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Exercises for benign paroxysmal positional vertigo (BPPV)

Whakangungu kehu

These exercises are recommended to help people with benign paroxysmal positional vertigo (BPPV). A doctor or specially trained physiotherapist will decide if they're suitable for you.

The Epley manoeuvre

Watch these videos about how to do the Epley manoeuvre.

If you think your vertigo is coming from a particular ear, try doing the Epley manoeuvre for that side. If that doesn't help, try doing the manoeuvre for the other side as sometimes in can be difficult to know which ear is causing the problem.

One correctly performed Epley manoeuvre has been shown to resolve positional vertigo in 75 to 80% of people with BPPV. It involves four separate head movements to move the calcium crystals that cause vertigo to a place where they no longer cause symptoms.

It may take a few hours for your symptoms to improve after an Epley manoeuvre, and it may be several days before you feel confident with moving more normally again. Sometimes you need to repeat the manoeuvre or use other manoeuvres to make your symptoms go away.

Tell your doctor if your symptoms have not improved after a few weeks. BPPV can reoccur in the future.

Brandt-Daroff exercises

Sometimes the Epley manoeuvre is not successful or is unsuitable. For example, if you have neck or back problems. In those cases, your doctor may recommend Brandt-Daroff exercises.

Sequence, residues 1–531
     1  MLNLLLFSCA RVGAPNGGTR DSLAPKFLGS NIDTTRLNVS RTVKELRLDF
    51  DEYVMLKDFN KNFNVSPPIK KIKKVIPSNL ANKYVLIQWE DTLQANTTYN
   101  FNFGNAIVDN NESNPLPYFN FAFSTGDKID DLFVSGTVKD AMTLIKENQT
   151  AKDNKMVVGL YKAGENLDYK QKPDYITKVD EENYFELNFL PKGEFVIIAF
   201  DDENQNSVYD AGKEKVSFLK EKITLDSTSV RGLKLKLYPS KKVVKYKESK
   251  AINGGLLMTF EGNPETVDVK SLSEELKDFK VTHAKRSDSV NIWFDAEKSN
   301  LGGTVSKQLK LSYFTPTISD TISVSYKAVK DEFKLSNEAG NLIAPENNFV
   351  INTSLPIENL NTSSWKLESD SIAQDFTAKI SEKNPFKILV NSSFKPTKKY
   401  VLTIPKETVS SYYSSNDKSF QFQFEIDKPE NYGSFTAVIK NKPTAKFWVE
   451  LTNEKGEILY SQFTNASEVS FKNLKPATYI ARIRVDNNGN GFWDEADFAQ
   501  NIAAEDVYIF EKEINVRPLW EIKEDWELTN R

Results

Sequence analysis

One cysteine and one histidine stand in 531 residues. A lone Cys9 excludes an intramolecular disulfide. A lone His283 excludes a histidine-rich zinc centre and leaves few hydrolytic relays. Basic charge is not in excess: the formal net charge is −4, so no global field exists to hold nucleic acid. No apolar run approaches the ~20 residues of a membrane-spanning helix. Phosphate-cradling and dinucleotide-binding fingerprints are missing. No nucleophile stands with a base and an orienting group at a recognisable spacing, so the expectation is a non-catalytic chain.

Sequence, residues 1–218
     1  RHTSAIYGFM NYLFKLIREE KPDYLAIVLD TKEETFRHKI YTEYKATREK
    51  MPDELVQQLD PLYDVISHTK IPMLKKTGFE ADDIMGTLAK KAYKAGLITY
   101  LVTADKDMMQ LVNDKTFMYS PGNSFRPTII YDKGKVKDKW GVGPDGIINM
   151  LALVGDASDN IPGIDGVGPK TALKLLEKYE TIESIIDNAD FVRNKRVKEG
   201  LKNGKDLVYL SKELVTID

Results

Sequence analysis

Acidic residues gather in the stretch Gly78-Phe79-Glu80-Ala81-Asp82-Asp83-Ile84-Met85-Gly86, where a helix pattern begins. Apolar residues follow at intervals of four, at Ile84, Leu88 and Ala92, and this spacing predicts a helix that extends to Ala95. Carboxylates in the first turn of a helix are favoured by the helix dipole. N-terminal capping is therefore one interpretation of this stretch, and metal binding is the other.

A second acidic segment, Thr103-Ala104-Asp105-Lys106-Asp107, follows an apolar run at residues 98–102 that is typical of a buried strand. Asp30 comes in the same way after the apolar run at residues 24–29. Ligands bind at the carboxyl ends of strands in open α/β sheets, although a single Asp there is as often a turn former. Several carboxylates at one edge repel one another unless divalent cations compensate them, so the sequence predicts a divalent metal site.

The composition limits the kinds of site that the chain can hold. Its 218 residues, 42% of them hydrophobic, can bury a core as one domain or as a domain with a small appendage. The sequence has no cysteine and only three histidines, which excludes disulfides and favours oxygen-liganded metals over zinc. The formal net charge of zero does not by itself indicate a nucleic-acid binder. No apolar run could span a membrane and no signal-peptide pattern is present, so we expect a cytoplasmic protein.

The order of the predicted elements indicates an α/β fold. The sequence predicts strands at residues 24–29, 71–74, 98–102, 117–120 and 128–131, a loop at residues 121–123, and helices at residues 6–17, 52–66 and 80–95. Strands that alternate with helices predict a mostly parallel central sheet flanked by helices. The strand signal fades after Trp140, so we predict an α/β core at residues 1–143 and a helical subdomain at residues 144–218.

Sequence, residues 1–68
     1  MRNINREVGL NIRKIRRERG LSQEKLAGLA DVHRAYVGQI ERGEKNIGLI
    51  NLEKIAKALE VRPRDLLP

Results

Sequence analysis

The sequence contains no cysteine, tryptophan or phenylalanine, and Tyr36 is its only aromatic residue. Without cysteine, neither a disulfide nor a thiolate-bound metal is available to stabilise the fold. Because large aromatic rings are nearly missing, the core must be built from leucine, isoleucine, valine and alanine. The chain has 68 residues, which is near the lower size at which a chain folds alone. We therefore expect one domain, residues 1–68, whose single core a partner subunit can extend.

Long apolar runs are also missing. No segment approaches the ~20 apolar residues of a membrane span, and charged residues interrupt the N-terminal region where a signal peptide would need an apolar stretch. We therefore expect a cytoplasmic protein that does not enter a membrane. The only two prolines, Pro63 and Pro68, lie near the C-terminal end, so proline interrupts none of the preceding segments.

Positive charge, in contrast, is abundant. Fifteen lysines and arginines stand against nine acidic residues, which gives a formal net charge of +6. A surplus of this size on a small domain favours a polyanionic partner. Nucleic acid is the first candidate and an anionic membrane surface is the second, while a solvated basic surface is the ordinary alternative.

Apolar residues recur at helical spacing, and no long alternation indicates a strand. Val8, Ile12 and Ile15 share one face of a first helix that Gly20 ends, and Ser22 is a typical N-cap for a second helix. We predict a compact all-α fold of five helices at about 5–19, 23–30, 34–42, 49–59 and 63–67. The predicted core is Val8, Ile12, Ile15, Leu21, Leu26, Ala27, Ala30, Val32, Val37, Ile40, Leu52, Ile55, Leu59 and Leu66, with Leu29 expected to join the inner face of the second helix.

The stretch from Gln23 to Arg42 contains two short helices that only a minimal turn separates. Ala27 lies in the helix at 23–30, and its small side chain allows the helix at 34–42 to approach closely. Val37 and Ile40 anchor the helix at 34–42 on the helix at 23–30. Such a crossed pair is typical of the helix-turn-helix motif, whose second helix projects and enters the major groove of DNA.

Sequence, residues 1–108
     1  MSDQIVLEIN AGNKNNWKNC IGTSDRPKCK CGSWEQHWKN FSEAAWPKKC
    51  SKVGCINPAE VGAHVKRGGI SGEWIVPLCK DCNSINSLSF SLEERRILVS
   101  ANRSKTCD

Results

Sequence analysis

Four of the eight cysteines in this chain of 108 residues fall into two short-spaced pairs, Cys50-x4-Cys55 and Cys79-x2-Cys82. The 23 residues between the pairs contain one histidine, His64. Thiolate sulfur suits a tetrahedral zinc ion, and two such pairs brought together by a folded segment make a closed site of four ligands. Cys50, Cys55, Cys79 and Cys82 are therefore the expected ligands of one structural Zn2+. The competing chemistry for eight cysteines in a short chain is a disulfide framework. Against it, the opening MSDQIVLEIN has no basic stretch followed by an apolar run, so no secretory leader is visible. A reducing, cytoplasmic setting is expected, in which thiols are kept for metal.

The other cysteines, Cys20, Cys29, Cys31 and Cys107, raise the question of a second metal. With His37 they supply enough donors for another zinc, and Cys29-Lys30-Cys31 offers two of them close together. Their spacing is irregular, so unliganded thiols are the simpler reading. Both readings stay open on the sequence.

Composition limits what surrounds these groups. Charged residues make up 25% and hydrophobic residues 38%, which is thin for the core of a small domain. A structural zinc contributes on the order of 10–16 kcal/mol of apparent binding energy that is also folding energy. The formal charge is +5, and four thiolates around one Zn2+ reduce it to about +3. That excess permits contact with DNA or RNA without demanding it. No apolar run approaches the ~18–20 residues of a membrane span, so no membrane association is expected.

Brandt-Daroff exercises are designed to break up the calcium crystals and unblock your ear canal.

You'll need to repeat the exercises three or four times a day for two days in a row. Your symptoms may improve for up to two weeks.

Your doctor will teach you how to the exercises. The following is a guide:

Watch this video about how to do Brandt-Daroff exercises.

For the exercises to be helpful, you must experience the symptoms of dizziness while doing them. You may realise the treatment has been effective if you stop having dizziness when doing the exercises.

In most cases, if you do the exercises regularly, the symptoms should go away over a period of several days.

Written by HealthInfo clinical advisers. Last reviewed August 2023.


Page reference: 707782

Review key: HIVER-17706